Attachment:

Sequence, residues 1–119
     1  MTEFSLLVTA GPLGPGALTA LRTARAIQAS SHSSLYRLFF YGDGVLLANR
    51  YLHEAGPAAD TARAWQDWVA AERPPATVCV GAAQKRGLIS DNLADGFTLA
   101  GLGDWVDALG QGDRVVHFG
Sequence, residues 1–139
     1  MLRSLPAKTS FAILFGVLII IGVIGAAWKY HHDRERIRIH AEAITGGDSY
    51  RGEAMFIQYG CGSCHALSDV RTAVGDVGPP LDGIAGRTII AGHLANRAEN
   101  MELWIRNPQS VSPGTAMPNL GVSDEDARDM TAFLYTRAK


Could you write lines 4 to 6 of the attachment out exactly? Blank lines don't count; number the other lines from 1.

   101  GLGDWVDALG QGDRVVHFG
Sequence, residues 1–139
     1  MLRSLPAKTS FAILFGVLII IGVIGAAWKY HHDRERIRIH AEAITGGDSY